Bears Barge In Literature Guide

Grade Level: 
K, 1, 2, 3, 4, 5
By Joni Sensel - A guide for parents, teachers, and group leaders to accompany the reading of this picture book. The guide below provides before, during, and after-reading discussion questions. Choose from activities and discussion questions to build children's understanding of generosity, community, and service to others.

“Ripped from the headlines,” this book addresses what has become a common occurrence, wildlife encroaching upon suburban neighborhoods. Or, is it the neighborhoods encroaching upon the wildlife? In a light-hearted and optimistic manner, this book addresses urban sprawl and some people’s attitudes about wildlife.

Zack enjoys his wild backyard, and the animals enjoy their forest, until Zack’s wilderness becomes a suburban neighborhood, and the space-deprived animals invade. There are bears in the bathtub and hornets in the hall. Zack’s neighbors close themselves off from the wild animals, but Zack stays, proving that humans and animals can peacefully coexist.

Before Reading

ASK: The title of this book is Bears Barge In. What does the word "barge" mean? Use it in a sentence and act it out. If you barge in, are you welcome? 

SHOW: Look at the cover. What do you think is happening?

CONNECT: Have you ever had a wild animal “barge” into your house? It could have been something big or small like a squirrel, bat, bees, or mice. What happened?

During Reading

ASK: In the beginning of the story, the animals and Zack live happily in their own homes. What happens in the story that causes the animals to move in with the people? Whose home is this neighborhood, and how can they solve this conflict for the good of all?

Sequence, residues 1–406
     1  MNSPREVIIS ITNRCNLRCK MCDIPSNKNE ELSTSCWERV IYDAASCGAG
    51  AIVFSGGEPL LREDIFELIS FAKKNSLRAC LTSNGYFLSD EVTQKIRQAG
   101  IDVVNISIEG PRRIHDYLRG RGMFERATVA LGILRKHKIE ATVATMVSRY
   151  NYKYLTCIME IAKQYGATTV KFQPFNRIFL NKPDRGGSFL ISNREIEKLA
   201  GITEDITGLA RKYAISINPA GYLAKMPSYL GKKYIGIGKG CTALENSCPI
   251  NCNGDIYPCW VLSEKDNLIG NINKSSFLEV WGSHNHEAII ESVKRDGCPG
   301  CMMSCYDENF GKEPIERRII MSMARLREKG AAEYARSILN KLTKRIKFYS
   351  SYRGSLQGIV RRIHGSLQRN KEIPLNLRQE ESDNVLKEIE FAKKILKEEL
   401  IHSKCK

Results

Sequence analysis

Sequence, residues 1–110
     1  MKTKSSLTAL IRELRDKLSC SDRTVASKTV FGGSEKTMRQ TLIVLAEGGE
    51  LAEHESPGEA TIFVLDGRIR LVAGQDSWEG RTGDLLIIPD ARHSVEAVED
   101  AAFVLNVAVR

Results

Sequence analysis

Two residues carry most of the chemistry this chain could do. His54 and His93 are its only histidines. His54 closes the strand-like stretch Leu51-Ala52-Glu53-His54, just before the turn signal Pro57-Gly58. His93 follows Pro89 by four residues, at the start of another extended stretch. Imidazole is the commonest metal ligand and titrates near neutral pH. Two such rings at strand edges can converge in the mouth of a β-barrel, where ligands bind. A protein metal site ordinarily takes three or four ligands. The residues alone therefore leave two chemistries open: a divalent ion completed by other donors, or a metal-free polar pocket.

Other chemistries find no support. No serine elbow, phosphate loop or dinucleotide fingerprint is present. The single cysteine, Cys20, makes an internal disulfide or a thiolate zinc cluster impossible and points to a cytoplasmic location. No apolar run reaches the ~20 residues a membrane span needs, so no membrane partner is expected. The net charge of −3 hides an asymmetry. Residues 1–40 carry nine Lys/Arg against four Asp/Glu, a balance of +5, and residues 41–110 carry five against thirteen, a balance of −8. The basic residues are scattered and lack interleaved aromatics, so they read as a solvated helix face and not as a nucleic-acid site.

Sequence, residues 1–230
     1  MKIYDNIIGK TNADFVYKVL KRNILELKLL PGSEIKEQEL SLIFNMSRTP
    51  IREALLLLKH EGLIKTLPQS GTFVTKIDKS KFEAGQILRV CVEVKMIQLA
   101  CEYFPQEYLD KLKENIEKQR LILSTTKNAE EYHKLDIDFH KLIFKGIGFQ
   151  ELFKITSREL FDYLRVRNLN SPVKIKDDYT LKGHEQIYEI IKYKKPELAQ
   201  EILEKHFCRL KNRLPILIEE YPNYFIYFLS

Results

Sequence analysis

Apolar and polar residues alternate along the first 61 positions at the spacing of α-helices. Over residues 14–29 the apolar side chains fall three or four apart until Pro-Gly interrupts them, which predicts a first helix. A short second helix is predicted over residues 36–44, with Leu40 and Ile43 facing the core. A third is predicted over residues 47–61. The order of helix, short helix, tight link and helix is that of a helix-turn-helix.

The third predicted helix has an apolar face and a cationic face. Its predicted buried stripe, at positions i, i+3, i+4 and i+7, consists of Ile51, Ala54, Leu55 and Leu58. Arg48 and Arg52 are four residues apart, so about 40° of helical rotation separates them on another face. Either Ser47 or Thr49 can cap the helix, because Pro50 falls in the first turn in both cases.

SHOW: Look at the pictures with animals. How many different animals are pictured or named in the story? Do you see any of these animals where you live? How do they make their home and find food? How do you separate from and include them?

CONNECT: Zack’s neighbors are scared of the animals that invade their neighborhood. Tell about a time you were scared of an animal or an animal was scared of you. What did you learn from the experience?

After Reading

ASK: Zack’s neighbors lock up their neighborhood to keep the animals out. Think about this and look at the picture on page 23. How does this make the people like animals or the animals like people?

SHOW: Look at the pictures on pages 28–29. Would you rather be the people behind the bars or the people playing in the trees. Why?

CONNECT: What can people do to include nature and wildlife a part of their balanced life?  


  1. Make a reminder poster for your family that lists your rules for keeping you and the wildlife in your neighborhood safe. For example, you might list, “Remember to securely cover the garbage can.” or “Thoroughly clean the grill when you are done cooking.” Post your rules where the family and visitors can see them.
  2. Keep a log of all the wild animals you see (birds, raccoons, opossum). Write what you see, when, and what they do. Read more and add notes about those animals' habits.
  3. Visit a local nature center to learn about animals that are natural to your area and how to help them thrive. Teach others about what you learned.
  4. Make a booklet about an animal and how it relates to humans. Include a message of respectful treatment of the animal. It may be fun to use humor and art in your book.